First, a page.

Support Intelligent, In-Depth, Trustworthy Journalism.
Leave your feedback
A military tribunal jury sentenced Salim Hamdan, the former driver of Osama bin Laden, to five and a half years in prison Thursday. A Miami Herald reporter details the courtroom proceedings and what lies ahead for the Yemeni detainee.
Carol Rosenberg, thanks for being with us. Take us back into the courtroom. How did this unfold?
CAROL ROSENBERG, The Miami Herald:
Well, this was remarkable. You know, the jury had asked one question before they went off to deliberate on the sentence. And the question was if he was going to get any credit for time served. And they told them that basically he was getting 61 months' credit.
So when they came back with a verdict of 66 months, that means that the Osama bin Laden's driver's term of sentence will be over by the end of the year.
Now, how did Hamdan react?
He was very emotional. First of all, he stood up and asked to make a speech, which is not part of the military script for these sorts of things, but the judge gave him the opportunity to talk. And he thanked everybody. And he apologized. And he apologized again.
Salem Hamdan's explanation was that he really didn't understand how bad his boss had been and that he never really walked away from working for him — this was his explanation — because he needed the money. And so, by the time sentencing came, he apologized for any pain that his work had caused people.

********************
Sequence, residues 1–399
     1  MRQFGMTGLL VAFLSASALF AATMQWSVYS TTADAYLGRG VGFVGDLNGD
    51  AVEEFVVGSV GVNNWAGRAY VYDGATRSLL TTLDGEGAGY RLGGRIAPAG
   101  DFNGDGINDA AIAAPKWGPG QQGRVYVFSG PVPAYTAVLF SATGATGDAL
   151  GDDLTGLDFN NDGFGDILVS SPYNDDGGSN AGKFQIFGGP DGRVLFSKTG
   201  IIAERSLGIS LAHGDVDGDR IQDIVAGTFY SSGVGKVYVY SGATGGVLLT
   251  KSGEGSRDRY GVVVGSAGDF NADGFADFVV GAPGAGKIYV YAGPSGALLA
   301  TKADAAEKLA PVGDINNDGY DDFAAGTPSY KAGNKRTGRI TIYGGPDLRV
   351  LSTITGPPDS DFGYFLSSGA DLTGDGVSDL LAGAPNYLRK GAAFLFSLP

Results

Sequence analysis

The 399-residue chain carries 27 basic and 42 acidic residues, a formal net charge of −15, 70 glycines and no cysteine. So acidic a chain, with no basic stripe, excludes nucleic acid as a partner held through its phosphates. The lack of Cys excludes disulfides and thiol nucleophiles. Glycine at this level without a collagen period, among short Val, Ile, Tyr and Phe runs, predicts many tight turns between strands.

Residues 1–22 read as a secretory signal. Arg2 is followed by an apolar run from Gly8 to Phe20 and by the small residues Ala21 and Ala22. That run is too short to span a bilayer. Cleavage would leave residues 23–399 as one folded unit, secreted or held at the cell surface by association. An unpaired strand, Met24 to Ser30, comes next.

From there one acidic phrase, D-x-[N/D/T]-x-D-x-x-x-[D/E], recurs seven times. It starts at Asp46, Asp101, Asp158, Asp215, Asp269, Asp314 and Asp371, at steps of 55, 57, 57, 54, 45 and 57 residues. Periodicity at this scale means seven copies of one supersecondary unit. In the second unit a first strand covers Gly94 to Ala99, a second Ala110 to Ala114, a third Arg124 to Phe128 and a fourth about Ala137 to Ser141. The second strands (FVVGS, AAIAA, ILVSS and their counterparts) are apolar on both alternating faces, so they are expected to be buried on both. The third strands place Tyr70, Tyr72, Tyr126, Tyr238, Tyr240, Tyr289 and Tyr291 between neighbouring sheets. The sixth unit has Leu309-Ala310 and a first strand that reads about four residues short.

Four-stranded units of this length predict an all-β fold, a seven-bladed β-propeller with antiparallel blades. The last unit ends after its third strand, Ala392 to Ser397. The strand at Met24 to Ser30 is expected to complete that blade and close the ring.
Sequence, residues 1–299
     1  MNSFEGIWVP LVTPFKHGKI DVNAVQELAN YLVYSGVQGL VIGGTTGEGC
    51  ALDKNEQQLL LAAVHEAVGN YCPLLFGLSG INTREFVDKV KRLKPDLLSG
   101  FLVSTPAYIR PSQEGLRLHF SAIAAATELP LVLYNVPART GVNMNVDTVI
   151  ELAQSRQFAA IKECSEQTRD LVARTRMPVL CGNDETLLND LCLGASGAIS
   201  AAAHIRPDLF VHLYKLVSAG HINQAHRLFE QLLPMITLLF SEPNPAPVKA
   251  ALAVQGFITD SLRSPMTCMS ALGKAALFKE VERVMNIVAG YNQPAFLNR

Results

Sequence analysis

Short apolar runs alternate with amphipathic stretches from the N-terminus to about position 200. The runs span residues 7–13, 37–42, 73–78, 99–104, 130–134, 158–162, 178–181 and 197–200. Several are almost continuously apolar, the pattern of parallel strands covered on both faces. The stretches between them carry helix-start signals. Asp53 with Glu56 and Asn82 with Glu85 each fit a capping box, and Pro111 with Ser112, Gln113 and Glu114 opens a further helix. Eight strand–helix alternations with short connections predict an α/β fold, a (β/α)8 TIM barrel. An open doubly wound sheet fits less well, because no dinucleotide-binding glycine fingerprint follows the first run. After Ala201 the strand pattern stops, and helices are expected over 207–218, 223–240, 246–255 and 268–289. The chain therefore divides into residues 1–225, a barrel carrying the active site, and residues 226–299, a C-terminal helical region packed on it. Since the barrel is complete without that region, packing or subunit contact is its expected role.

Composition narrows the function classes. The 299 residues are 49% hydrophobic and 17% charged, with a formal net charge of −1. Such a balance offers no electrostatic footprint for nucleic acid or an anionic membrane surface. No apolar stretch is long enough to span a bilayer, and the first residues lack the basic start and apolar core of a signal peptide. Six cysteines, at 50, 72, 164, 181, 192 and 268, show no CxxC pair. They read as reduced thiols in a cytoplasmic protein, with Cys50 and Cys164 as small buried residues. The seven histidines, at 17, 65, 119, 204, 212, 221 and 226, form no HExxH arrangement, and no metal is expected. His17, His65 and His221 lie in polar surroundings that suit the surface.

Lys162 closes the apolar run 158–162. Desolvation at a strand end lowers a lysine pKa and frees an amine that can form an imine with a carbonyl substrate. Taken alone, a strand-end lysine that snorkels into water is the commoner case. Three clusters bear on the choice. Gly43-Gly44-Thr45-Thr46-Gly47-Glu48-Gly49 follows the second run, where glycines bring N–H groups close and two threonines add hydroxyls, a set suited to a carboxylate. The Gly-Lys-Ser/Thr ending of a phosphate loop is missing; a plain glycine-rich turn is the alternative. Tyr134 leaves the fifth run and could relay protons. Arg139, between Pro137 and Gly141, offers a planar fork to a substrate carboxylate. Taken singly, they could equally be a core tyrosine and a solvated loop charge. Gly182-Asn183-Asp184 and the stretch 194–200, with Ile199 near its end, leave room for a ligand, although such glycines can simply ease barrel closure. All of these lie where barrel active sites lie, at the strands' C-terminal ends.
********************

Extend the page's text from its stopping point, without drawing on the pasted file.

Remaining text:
You know, yesterday he was acquitted of the conspiracy, the larger crime of having been responsible for September 11th and the other al-Qaida spectacles. But he was convicted of providing material support for terror, meaning, as the driver and bodyguard of bin Laden, he was responsible. They actually convicted him of being a war criminal, a terrorist.
Support Provided By:
Support PBS NewsHour:
Subscribe to Here’s the Deal, our politics newsletter for analysis you won’t find anywhere else.
Thank you. Please check your inbox to confirm.
Additional Support Provided By: